The new plan would retool Medicaid to place more of a focus on preventative care through coordinators for Medicaid recipients and incentives to lead a healthy lifestyle.
The proposal, pushed by Gov. Matt Blunt is designed to reduce the growth of the Medicaid budget that provides health care coverage for nearly one million lower income Missourians. The bill also includes tax incentives to encourage private health insurance coverage by employers.
For Medicaid recipients, the bill would create three different health improvement plans dependent on geographic and population. The plans would be implemented in three stages beginning in July of 2008 with parents and children, followed by seniors and people with disabilities in July of 2009 and the remaining Medicaid-eligible Missourians in July of 2013.
The bill would reduce the number of recipients under the "fee for service" coverage in which recipients can go to any health care provider that accepts Medicaid reimbursement. In the new system, a recipient's access to medical care providers would be controlled by a coordinator, called a health care home, who would be expected to encourage preventive care.
The bill would also provide for a premium offset program, which would allow the low-income and uninsured to apply for assistance to pay insurance premiums. Those whose employers do not contribute to the payment for insurance premiums would also be able to apply.
Debate opened Monday on the bill, which faced significant opposition on the part of Sen. Jason Crowell, R-Cape Girardeau who said that the only good thing about the bill was the premium offset program.
He placed particular emphasis on a part of the bill that would reward doctors with higher reimbursement rates for providing quality care. He said that the state should have confidence in the free-market system to take care of the health care system.
A provision for Medicaid fraud was added to the bill during Wednesday's debate after Sen. Victor Callahan, D-Jackson County proposed an amendment to include it. Citing concern that the House would reject the entire bill because of the provision, similar to what happened to the Medicaid fraud bill last session, Sen. Luann Ridgeway submitted a Medicaid fraud bill already passed by the House this session, sponsored by Rep. Robert Schaaf, R-St. Joseph, to replace Callahan's amendment.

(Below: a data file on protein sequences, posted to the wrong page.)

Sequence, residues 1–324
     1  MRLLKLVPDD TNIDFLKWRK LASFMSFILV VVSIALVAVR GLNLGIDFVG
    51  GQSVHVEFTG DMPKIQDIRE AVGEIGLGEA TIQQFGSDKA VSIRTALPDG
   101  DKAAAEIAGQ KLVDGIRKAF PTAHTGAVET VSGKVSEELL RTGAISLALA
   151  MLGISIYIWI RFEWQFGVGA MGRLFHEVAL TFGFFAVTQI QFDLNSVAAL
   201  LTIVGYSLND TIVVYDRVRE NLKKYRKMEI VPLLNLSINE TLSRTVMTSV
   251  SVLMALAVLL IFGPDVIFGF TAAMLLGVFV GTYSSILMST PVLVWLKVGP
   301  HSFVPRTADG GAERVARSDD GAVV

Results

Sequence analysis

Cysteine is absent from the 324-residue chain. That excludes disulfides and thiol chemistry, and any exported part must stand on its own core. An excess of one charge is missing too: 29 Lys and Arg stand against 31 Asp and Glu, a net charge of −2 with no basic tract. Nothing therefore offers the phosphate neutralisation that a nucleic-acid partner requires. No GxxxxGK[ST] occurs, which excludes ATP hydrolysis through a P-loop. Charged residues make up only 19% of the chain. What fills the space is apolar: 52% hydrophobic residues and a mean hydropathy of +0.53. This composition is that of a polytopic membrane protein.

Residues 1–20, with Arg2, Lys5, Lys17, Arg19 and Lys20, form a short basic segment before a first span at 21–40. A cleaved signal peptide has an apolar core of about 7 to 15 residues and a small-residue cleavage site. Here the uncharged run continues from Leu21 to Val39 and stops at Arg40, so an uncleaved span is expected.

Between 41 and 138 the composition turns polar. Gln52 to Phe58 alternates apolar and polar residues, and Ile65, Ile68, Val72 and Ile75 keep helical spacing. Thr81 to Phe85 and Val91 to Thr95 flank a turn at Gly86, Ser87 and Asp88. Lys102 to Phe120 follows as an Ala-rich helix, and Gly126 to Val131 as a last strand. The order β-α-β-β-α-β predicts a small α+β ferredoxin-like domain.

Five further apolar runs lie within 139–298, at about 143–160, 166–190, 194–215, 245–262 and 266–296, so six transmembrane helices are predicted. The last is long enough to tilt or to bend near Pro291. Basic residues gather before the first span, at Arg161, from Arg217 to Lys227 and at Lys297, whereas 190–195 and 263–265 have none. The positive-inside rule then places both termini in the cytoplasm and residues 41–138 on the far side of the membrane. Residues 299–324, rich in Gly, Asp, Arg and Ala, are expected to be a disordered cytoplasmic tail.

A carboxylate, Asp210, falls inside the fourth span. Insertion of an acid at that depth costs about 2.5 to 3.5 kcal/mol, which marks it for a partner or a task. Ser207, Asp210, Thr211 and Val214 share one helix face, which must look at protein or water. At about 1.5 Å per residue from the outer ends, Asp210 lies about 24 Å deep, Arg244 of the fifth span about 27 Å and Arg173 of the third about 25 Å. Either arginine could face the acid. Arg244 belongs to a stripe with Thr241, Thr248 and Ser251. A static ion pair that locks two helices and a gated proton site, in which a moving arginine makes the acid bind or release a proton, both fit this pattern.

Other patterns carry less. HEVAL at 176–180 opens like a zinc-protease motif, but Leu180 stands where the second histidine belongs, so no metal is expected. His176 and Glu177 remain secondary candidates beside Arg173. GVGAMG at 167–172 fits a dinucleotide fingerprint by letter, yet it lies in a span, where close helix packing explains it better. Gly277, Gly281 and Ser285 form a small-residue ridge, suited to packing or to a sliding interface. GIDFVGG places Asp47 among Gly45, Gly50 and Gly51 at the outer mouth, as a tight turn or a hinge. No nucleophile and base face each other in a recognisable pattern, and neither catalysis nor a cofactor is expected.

Callahan said that the bill was weaker than the one he proposed, but ultimately did not want to "belabor the point" because he was more concerned that some provision for Medicaid fraud prevention be included in the bill.
"I want something done about Medicaid," he said. "It is outrageous that two years ago when we were talking about cutting 100,000 people off Medicaid that this body did nothing about Medicaid fraud. That is outrageous."
Sen. Chris Koster, R-Harrisonville, who proposed last year's Medicaid fraud bill, agreed the provisions were not the toughest, but better than nothing. "It's not the full monte, but it's not a bad show."
The Senate rejected efforts by Democratic legislators to restore coverage for the approximately 100,000 who were cut from Medicaid in 2005. The Senate rejected an effort to expand Medicaid to cover physical rehabilitation services and free transportation for pregnant women.
The Senate did, however, agree to add to the bill coverage for hospice care.
The bill faces a final Senate vote before being sent to the House.